It’s for these reasons why healthcare providers like the NHS in the UK, are using yoga as a preventative and curative approach for treating anxiety and stress related conditions. By helping us to recover from the numerous stresses associated with living in the modern world, yoga is being viewed as both an affordable and accessible solution for people suffering from anxiety and stress.

Far from overloading healthcare systems with the need to treat chronic stress related conditions, yoga can ultimately empower us to be a little more self sufficient when working towards our own health and wellbeing.

The anxiety epidemic

It’s more than likely that we all experience the odd moment of anxiety from time to time. The occasional worry about a job, exam, date or public speaking, are all perfectly normal. However people suffering from an anxiety related disorders often experience the effects of anxiety more intensely, and more often.

Within the UK it’s estimated that more than 8 million people suffer some sort of anxiety disorder, and women and people under 35 are especially affected. The symptoms for many can be debilitating, marked by hard-to-control worries, poor sleep, irritability, shortness of breadth and a host of other manifestations.

It is also not uncommon for people suffering from anxiety to have problems dealing with distracting thoughts that have been assigned ‘too much power’. They may find it difficult to distinguish between a thought that’s part of the natural problem solving process, and a recurrent worry that has no tangible resolution or benefit.

While the traditional approach in western medicine for many years was therapy and/or medication, a growing number of doctors are starting to prescribe yoga, largely as a result of increased awareness backed by credible scientific research.

In one of the more notable studies, published in the Journal of Alternative and Complementary Medicine, Streeter used magnetic resonance spectroscopy to explain why yoga practitioners report a greater improvement in mood and a decrease in anxiety than people who simply walked for relaxation.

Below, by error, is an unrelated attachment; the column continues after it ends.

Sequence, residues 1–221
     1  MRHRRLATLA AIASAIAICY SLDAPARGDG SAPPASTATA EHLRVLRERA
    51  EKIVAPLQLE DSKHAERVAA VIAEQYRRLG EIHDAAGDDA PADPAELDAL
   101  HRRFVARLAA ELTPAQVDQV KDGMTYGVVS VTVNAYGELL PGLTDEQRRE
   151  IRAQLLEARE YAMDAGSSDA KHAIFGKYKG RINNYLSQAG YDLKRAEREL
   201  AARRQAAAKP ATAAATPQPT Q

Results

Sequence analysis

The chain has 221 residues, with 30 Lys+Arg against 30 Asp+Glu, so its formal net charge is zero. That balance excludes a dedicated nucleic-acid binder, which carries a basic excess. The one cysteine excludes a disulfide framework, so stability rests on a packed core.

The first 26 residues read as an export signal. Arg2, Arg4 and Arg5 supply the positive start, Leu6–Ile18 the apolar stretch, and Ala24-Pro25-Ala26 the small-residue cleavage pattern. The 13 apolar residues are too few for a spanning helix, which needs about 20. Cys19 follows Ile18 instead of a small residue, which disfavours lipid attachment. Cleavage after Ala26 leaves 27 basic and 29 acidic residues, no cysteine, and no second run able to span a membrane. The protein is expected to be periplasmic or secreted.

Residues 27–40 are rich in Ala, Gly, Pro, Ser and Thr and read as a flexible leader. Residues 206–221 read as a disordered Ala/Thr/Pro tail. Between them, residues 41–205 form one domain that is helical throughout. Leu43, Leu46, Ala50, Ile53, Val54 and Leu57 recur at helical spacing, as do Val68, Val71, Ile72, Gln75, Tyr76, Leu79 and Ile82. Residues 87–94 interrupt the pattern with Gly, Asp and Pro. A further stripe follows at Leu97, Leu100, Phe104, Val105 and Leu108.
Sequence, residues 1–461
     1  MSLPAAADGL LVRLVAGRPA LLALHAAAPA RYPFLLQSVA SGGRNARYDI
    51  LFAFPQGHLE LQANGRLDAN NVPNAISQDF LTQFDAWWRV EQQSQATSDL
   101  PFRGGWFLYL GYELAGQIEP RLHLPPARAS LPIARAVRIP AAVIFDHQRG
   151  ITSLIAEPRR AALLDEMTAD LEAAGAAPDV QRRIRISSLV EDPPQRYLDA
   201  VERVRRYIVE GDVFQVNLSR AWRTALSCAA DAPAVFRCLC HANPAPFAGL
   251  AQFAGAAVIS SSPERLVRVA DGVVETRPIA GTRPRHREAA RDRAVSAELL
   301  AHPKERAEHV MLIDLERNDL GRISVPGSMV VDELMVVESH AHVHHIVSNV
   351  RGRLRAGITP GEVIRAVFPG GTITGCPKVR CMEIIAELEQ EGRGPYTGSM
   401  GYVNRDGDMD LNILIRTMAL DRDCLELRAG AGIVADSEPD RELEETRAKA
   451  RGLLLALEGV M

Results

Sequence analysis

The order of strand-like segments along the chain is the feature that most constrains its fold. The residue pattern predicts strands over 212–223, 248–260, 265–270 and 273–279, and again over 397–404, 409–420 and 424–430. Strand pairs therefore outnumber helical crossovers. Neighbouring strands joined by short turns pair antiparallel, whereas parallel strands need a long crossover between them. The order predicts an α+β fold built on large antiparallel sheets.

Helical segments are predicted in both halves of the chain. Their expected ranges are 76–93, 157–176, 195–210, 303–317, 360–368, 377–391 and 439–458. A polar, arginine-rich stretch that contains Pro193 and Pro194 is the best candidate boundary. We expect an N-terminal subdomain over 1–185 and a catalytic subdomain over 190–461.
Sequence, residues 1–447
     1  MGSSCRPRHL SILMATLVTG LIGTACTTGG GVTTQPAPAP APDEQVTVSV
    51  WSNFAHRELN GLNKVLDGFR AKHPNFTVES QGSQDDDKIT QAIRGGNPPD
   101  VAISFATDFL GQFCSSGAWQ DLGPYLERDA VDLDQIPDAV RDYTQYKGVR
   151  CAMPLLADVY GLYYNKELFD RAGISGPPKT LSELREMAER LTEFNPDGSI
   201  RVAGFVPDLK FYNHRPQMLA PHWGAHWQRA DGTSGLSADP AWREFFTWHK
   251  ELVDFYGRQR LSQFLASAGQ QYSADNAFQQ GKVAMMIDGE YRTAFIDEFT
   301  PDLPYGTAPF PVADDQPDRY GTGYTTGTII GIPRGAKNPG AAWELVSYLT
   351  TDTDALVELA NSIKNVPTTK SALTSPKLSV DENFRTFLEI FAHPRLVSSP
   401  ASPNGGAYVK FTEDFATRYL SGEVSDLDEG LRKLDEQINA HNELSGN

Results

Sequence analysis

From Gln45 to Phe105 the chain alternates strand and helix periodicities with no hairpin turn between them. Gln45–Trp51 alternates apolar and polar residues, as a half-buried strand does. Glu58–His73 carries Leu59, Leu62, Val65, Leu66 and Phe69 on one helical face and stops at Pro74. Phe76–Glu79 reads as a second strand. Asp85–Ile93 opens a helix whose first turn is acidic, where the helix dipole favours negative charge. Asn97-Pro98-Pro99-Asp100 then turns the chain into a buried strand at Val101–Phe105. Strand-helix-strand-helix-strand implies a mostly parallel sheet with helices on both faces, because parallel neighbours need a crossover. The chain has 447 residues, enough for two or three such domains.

Their study revealed that those who practiced yoga had higher levels of the neurotransmitter gamma-amino butyric acid, or GABA. This is essentially a chemical that acts as our brain’s chief inhibitory neurotransmitter, put simply it inhibits various signals in the brain, rather than promotes them.

It’s thought that an increase in GABA throughout the brain could help with minds that are too ‘busy’, helping to inhibit fear circuits and errant thoughts often associated with anxiety and depression. People with chronic pain, anxiety, post-traumatic stress, and depression often express low levels of GABA – a physiological marker that’s helping us to understand how anxiety works.

While Streeter’s findings support the use of yoga when treating stress and anxiety, there are a variety of ways that could help, from meditation, to exercise and healthy eating. However the beauty of yoga is that it addresses both the physical and mental aspects of wellbeing, which if in balance and harmony, can have a tangible and positive impact in a variety of unusual and unexpected ways.

BIO: This post was written by Heather Mason, founder of The Minded Institute – a world leader in the development and implementation of yoga therapy and mindfulness for those with mental health and chronic physical health problems.



Disclaimer: The material on this site is provided for informational purposes only and should never be construed as medical advice.

Always consult your physician before beginning any diet or exercise program or implementing any of the information found on this website.

The views and opinions expressed on this website are solely those of the original authors and other contributors. These views and opinions do not necessarily represent those of DailyHealthAlerts.com, and/or any/all contributors to this site.

There are no typical results when following or implementing any information found on this website and your results will vary.

Although not always true, you must assume that our company has an affiliate relationship with the retailers of the products and services advertised or recommended on this site and that we will be compensated if you purchase these items.

These statements have not been evaluated by the Food and Drug Administration. This product is not intended to diagnose, treat, cure, or prevent any disease.